3 Replies Latest reply on Aug 3, 2016 1:51 PM by Glenn Schroeder

    Prototype assembly serial #1 been made, now need serial #2 w/some new parts redesigned to replace old #'s

    Terry Kasuboski

      Good afternoon,

      I have been talking with some other engineers here that are trying to get up to speed with Solidworks, and I am currently working on or figuring out a best practice for my prototype assembly that is fairly large for a gearbox, but there are some components that are or will go through redesign, anyway, we are wondering if using configuration is the best way to do this for serial number 2.

      I will be making the new parts with new part numbers. Currently this is the way I have found, but not sure if it is the best way.

       

      What is your option or suggestion for us without going through everything and redoing, this also includes the layout drawing showing the correct parts between serial number 1 and serial number 2 with new redesigned parts.

       

      Thanks,

      Terry

       

      I will try to clear up what we did here so far to what we are calling serial number 1.

      We have serial number 1 almost done and put together, however, as assembly has been putting the gearbox together, they are discovering some errors in both design or machining of the part. We in engineering department has made modifications to reduce what would/should have been scrap. This gearbox ships in a few days and if we remake these parts, we will not get some of the gears back from heat treat for 3 to 4 weeks. We are already behind schedule with this one.

      I was the original designer and when a shaft went from being a single piece item that required sending to heat treat, I was told after releasing the parts to production, to try to make the shaft into multiple parts with the use of splines for the gears to be on, this way only the gears needs to be heat treated, I did this, which became revisions on the original drawings. However, one thing I forgot to do in my calculations was to remove the heat treating expansion that happens and we try to compensate for.  This left dimensions over pins incorrect and the gear to shaft is very loose. So we are scrapping the shaft, and making adjustment to the current shaft part to make it match, fit, work with the current gear that is back from heat treat.

      I was told to make new drawings with the corrected spline data for the gears and shaft for serial number 2. Also with this change we have a system called Made2Manage which we use to track and schedule thew BOM. One feature of this program is that it has serial number in and out columns that now has to be used to get these new parts for serial number 2.

      So let us say that with serial number 1, the original shaft was S-12345 rev.3 and in the layout BOM it is called out as item 10, in serial number 2, it would be S-23451 rev. 0 but in the layout BOM, it is called out as item 10A.

      I hope that this helps you understand more.

       

      I have tried using the configurations for the 2 different serial numbers and have it working in the model, but as for changing the layout prints for serial number 2, that is where I am currently struggling. All my prints for serial number 1 are in Workgroup PDM in its own project folder.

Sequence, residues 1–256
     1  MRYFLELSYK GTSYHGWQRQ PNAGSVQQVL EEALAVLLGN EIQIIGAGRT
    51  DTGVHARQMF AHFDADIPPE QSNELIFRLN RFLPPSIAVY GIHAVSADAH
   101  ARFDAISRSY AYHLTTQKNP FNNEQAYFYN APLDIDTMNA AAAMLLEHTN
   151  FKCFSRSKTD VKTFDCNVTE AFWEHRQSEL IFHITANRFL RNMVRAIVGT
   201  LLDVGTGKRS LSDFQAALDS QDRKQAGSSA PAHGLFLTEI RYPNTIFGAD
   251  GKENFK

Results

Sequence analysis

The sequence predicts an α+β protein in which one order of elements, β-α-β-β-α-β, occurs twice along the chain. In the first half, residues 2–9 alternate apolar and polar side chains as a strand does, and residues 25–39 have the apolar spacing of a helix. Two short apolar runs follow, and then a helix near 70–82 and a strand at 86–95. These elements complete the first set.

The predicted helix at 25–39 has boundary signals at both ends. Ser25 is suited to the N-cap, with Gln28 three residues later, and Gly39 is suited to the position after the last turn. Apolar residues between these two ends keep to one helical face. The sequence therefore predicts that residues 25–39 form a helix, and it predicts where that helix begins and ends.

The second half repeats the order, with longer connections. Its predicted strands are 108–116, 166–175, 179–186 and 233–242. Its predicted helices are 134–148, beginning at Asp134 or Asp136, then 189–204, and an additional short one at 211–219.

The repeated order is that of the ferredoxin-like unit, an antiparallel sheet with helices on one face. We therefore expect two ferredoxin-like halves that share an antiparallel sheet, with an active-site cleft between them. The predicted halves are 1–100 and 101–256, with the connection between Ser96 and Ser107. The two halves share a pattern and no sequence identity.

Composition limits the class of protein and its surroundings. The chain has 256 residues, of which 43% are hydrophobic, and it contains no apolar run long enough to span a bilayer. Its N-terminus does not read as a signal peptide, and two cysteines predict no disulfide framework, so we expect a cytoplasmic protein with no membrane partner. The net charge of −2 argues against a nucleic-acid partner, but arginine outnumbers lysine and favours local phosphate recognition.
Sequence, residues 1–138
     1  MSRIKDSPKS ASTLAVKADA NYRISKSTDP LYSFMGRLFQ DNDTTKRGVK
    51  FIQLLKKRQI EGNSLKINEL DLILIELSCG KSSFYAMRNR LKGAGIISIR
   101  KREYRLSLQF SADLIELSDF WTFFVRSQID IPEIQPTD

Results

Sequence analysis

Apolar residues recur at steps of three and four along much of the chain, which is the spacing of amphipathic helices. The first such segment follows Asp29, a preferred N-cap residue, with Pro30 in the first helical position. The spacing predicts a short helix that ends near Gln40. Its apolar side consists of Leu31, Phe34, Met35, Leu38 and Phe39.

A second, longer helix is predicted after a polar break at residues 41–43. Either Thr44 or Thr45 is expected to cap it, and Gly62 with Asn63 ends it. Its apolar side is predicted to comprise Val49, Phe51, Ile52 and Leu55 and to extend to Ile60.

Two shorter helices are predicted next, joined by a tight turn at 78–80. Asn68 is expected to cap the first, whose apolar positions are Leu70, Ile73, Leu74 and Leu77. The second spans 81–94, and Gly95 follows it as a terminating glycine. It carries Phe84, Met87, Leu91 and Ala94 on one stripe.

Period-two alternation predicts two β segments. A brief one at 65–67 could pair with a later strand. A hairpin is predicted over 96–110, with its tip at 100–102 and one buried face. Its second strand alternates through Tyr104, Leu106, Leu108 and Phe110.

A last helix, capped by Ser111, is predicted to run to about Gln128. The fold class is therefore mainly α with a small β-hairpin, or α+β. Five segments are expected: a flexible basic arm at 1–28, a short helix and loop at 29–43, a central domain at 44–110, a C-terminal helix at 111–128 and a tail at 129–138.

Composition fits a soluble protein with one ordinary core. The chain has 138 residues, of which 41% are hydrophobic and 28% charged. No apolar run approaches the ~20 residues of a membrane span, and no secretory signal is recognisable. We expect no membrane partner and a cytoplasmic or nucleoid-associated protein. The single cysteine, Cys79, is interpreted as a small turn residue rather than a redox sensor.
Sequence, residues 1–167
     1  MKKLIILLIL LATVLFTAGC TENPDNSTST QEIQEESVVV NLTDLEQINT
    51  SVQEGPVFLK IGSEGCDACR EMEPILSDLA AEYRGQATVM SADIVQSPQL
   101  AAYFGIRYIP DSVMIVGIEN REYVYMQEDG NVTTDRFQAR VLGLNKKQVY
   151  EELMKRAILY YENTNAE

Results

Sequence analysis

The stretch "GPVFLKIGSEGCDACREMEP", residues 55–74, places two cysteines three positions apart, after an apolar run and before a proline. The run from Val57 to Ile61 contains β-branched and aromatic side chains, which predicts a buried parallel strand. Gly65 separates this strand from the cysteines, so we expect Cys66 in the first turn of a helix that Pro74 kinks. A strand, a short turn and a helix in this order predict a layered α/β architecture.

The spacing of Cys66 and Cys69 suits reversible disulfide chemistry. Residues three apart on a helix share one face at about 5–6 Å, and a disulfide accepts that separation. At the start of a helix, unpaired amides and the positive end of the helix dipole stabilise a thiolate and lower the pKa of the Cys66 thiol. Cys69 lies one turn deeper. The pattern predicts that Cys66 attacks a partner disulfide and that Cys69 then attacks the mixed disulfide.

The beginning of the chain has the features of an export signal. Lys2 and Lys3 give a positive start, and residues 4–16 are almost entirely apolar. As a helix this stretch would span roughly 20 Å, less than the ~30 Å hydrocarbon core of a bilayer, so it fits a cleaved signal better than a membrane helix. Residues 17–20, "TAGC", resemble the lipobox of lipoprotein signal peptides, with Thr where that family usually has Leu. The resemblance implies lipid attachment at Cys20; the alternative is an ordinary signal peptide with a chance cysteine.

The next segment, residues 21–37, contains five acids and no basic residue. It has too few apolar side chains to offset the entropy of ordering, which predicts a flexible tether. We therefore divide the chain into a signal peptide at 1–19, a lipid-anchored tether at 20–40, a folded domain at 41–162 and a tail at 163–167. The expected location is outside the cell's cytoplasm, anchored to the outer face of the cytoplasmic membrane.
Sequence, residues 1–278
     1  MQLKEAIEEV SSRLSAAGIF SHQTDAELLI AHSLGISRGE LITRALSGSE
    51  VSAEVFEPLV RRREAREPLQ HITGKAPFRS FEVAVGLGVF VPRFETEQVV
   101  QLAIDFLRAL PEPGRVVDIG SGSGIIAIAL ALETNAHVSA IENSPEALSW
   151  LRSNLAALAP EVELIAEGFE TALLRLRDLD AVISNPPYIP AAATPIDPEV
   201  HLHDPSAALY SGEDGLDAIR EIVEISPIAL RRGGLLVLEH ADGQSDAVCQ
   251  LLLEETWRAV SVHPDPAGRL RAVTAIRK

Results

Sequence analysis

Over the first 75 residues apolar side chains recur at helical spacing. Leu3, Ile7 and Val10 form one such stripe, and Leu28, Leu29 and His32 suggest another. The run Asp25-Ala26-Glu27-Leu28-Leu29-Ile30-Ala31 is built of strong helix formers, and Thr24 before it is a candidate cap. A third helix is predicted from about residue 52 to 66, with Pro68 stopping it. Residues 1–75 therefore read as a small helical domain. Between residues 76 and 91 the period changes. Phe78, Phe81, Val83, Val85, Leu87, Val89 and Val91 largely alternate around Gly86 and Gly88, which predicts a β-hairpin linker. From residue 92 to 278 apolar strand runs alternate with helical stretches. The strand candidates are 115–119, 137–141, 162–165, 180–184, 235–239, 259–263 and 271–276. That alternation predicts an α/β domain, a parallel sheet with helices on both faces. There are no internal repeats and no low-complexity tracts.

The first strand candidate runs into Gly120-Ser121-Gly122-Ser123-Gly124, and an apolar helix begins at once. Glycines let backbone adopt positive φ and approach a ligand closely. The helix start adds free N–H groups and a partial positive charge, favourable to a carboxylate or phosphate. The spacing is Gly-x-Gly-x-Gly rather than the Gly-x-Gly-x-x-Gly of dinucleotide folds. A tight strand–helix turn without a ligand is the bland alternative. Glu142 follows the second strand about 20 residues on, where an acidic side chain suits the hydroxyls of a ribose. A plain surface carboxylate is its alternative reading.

We do not use pack and go for revision control here.

        • Re: Prototype assembly serial #1 been made, now need serial #2 w/some new parts redesigned to replace old #'s
          John Stoltzfus

          Any new design should have generic part numbers and movable models as typically it takes on average (4) four stabs before it's right for prototyping and then there could be another (2) two before production and in every level you need to narrow the list of what works or what doesn't.

           

          Normally I would only consider "hard" part numbers prior to production, where the prototype parts/drawings are generic numbers and then use pack and go to renumber etc, for me I stay away from configurations, only based on our in house workflow and the use of Task Scheduler for Custom Property Updates.  I would suggest you have a "Movable" file, one that is constantly changing and when you get to Serial Number 1 - pack and go to Serial Number 1 and then do the same for Serial Number 2, that keeps the original files fluid and no big deal if you need to change the parts again..

           

          Just my 2cents

          • Re: Prototype assembly serial #1 been made, now need serial #2 w/some new parts redesigned to replace old #'s
            Gianluca Mattaroccia

            Terry, I agree with John on staying away from configurations. I personally never made use of them.

            The way I prefer to operate is to finish my design work first and assign hard part numbers when I am ready to produce drawings and communicate my intentions outside of my pc. From that moment I work with revisions all the way to production.

             

            Hope it helps.

            • Re: Prototype assembly serial #1 been made, now need serial #2 w/some new parts redesigned to replace old #'s
              Glenn Schroeder

              My usual practice when starting a new project is to create a folder (usually with the current date as the folder's name) and save all SW files in this folder.  When I reach a point that I have design changes but don't want to lose the current version I Pack and Go to a new folder, saving the old one.  Repeat as needed.  When the design is finalized and I know I won't need any of the old versions I delete the old folders.  It's not a bad idea to have the final version files open when doing that to make sure nothing is deleted that shouldn't be.

               

              As far as configurations, they're a wonderful tool that I use daily, but I wouldn't recommend them for design changes.